The photographer takes us on a scenic journey along the capital’s riverbank
I find walking the best way to take in the city, especially the paths near the river. I’ve always been drawn to the Thames – perhaps because I grew up near water in Denmark it has a homey feeling to it. For me early mornings are the best time for walking as the area quickly fills up after that. And getting up early is energizing. It gets me in a certain state of mind for the rest of the day… seeing the sun rise, the morning light breaking through, mist lifting and clouds gathering and vanishing. It’s beautiful; the sun lighting up the grey textures, water and glass facades; the symmetry of the architecture around the river – the juxtaposition of old and new – like the Shard and the old Victorian lamp posts side by side.
There isn’t a community of early walkers per se, but you get a sense of a shared space. Fewer crowds and more individuals makes everything feel more personal and I suppose you’re more likely to exchange glances and smiles with strangers. It feels like a small village or like a calm train station or airport where everyone is headed somewhere. There’s a communal feel to that. I don’t often speak to the same people but there’s a guy who packs boxes by one of the hotels, and we always have a chat about photography. He’s recently bought a camera and is keen to talk.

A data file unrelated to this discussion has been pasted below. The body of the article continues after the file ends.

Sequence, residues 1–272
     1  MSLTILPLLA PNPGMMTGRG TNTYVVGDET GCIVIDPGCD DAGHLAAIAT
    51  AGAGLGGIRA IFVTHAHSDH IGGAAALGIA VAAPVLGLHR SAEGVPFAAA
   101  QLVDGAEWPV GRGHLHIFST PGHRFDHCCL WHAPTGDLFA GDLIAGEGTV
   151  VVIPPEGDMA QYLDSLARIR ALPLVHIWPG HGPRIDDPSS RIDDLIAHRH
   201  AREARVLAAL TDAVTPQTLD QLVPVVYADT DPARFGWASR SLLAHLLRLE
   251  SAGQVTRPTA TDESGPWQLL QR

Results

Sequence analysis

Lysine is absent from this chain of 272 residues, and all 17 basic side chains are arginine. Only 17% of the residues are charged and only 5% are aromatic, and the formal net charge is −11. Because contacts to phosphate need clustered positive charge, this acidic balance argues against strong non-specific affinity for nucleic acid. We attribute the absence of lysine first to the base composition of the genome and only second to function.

The river walks shows a quieter side of London. I think a lot of people want to see beauty in the mundane. A cliché perhaps, but it’s clearly something that is necessary for us. It’s like meditating I guess. A silent retreat on foot. The walk and the crisp morning air clears my lungs and thoughts, letting my mind wander while still being in the environment I exist in. So it’s a way of meditating that doesn’t require me to sit cross-legged in a field in Hereford.